Livestock production has gained a less-than-desirable environmental reputation as raising eggs, meat, and dairy on an industrial scale tends to be very resource-intensive. However, livestock are integral to the nutritional well-being and livelihood of millions of people around the world. There is now an unprecedented demand for meat, and global meat production is expected to increase by 19 percent from 2014 to 2023. This has led the U.N. Food and Agriculture Organization (FAO) to release Tackling Climate Change Through Livestock, a report encouraging broader conversations about reducing livestock emissions and implementing alternatives.
The FAO has developed the Global Livestock Environment Assessment Model (GLEAM), which produces estimates of the greenhouse gas (GHG) emissions of the livestock industry by livestock type, farming system, and location using data from the 2006 IPCC Guidelines for National Greenhouse Gas Inventories.
Currently, the global population of ruminant animals (cattle, sheep, and goats) is approximately 3.6 million head, just under half the current world population, according to the GLEAM. It also estimates that this livestock population contributes 14.5 percent of GHG emissions induced by humans. Cattle, both beef and dairy, are by far the largest contributors, representing 65 percent of emissions from the livestock sector. Feed production and processing (49 percent) and methane from fermentation (39 percent) are the main contributors to emissions along the supply chain.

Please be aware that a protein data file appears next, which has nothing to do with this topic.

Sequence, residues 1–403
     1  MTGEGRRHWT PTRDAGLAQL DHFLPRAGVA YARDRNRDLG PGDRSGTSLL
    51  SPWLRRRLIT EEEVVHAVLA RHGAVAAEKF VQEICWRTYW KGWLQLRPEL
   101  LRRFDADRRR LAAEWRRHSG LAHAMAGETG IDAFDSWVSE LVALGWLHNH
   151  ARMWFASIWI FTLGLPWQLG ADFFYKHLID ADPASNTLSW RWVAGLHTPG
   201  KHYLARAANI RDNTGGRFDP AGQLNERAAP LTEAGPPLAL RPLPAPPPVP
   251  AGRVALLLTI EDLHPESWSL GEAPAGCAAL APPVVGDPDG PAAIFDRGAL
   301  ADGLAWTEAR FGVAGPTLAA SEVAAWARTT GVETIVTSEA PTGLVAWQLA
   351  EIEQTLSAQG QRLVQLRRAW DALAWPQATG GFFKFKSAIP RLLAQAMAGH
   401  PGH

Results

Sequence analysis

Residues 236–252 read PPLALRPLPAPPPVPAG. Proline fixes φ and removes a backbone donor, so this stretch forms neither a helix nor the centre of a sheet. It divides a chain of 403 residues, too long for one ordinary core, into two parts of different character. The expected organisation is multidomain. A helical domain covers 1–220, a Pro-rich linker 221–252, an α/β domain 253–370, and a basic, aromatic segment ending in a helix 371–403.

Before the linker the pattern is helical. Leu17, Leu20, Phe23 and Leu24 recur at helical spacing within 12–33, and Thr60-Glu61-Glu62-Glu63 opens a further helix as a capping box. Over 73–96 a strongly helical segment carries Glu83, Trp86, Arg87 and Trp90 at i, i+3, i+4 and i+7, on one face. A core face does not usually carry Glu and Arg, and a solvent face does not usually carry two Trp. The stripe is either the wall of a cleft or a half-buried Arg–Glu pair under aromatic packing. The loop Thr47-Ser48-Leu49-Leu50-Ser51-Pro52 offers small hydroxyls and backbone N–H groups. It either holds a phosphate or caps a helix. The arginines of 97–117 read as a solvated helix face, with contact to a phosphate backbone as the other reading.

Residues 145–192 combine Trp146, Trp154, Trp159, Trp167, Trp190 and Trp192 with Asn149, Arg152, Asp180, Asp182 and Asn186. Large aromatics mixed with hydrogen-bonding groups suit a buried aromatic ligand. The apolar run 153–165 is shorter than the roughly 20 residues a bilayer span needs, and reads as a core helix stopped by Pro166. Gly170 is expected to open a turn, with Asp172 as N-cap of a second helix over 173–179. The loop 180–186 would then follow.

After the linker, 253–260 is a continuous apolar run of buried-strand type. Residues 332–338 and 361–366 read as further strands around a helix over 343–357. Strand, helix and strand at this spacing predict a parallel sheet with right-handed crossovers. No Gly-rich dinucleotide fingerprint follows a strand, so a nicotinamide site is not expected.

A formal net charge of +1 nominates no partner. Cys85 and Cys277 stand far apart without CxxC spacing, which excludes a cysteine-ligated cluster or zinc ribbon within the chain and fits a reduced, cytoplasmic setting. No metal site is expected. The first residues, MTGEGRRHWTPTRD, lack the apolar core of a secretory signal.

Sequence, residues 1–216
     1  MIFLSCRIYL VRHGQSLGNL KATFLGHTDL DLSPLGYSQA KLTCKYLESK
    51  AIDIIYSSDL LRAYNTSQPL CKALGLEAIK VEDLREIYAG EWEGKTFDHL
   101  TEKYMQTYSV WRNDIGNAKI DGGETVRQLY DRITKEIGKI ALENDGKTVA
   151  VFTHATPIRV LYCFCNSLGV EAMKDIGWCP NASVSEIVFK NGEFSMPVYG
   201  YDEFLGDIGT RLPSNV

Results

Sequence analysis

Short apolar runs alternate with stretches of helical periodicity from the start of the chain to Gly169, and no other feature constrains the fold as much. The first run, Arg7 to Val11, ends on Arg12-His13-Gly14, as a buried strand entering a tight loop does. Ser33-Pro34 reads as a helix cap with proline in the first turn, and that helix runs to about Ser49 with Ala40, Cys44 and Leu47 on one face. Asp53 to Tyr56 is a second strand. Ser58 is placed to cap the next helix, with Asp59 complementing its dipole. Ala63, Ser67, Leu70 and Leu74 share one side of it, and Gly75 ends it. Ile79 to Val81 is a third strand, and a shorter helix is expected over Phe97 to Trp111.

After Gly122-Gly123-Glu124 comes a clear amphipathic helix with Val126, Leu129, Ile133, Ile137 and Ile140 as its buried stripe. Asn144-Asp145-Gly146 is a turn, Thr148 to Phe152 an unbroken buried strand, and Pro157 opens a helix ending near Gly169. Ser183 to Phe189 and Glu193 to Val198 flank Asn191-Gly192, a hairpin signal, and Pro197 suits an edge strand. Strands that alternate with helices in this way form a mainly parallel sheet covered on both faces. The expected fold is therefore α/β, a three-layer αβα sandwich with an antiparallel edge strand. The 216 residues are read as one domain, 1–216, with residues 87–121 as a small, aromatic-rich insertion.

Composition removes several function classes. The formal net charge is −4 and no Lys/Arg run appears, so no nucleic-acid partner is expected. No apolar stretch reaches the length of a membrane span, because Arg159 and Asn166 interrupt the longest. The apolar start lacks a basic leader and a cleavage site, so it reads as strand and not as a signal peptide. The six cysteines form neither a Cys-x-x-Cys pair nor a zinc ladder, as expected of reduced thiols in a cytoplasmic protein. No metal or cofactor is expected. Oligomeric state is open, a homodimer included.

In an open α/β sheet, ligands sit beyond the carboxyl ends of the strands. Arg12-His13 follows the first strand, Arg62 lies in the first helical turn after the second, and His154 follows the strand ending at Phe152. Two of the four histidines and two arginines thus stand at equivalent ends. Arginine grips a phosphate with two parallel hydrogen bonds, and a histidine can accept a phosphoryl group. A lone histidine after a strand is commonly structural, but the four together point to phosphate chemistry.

However, the FAO have also outlined that the livestock sector provides livelihoods to an estimated one billion people and demand for protein is set to continue to spike in developing countries, with 83 percent of the extra meat consumed in 2013 coming from these regions.
So, what can be done to drive down growing emissions while demand for meat production rises?
The FAO argues that to decrease emission levels, the industry must improve practices such as feeding processes, animal husbandry, and herd management rather than changing production systems. They also recommend reducing the demand and supply of meat products and the current intensity of production. This could have a mitigation potential of between 14 to 41 percent depending on the species of livestock, says the FAO.
To put this plan into action, they recommend that policymakers and activists work to raise awareness and implement extensions. Appropriate frameworks, both institutional and incentive, should also be implemented to assist farmers in making the necessary changes to their business models and processes to reduce GHG emissions.
The FAO suggests that there is a great potential to significantly reduce the GHG emissions of the livestock and meat industries and that solutions are within reach.
Airlie grew up on a livestock and cropping farm in Australia and is currently completing a Masters in Food and Resource Economics at the University of British Columbia in Vancouver.